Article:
Basing the argument on the information provided by the survey, it is clear that the medical rescue mission in Haiti failed to attain the most essential goals. It was seen above that the medical response to Haiti was not adequate enough in that the concerned individuals did not ensure that there was adequate and safe water supply, efficient attendance of the increasing number of patients, enough personnel and resources to address the challenges that came with the outbreak, and they did not ensure that there was adequate public awareness of the disease. Just as well, it was also prominent that the concerned parties did not ensure that there were sufficient resources, both personnel and material resources (Watson, 2010). Funds were not available, and if they were they were not properly managed. As a result of all these inadequacies, the situation in Haiti became worse many people lost their lives, others became sick, and the most became frightened and scared because they did not have enough information about the diseases, and the fact that it was curable.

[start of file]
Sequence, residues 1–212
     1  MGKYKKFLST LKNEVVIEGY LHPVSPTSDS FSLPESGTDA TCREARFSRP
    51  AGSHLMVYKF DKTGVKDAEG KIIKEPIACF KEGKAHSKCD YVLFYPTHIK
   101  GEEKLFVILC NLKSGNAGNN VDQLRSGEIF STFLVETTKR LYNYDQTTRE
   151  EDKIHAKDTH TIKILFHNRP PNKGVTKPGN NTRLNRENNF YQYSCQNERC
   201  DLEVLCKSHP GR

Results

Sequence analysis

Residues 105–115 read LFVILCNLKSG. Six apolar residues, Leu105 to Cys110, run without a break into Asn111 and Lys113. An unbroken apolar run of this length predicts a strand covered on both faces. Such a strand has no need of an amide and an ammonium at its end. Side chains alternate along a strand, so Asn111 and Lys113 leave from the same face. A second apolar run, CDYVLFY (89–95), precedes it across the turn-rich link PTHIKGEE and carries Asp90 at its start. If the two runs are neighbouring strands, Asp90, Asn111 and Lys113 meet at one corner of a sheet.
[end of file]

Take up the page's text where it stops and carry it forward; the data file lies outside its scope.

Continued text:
Alternatives and Recommendations

There are several alternatives and recommendations that the responders at Haiti should have followed to make the response efficient and effective. These recommendations can also be implemented throughout the United States to ensure that the same mistakes are not repeated and to ensure that efficiency is achieved. One is that all healthcare systems in the US and the rest of the world should engage in healthcare coalition activities that helps the systems prepare for and respond to healthcare emergencies together. Another recommendation that should be implemented is that links and connections should be established between healthcare system coalitions that are close to one another so as to make it easy for the exchange of information and resources (Center for Biosecurity of UPMC, 2010).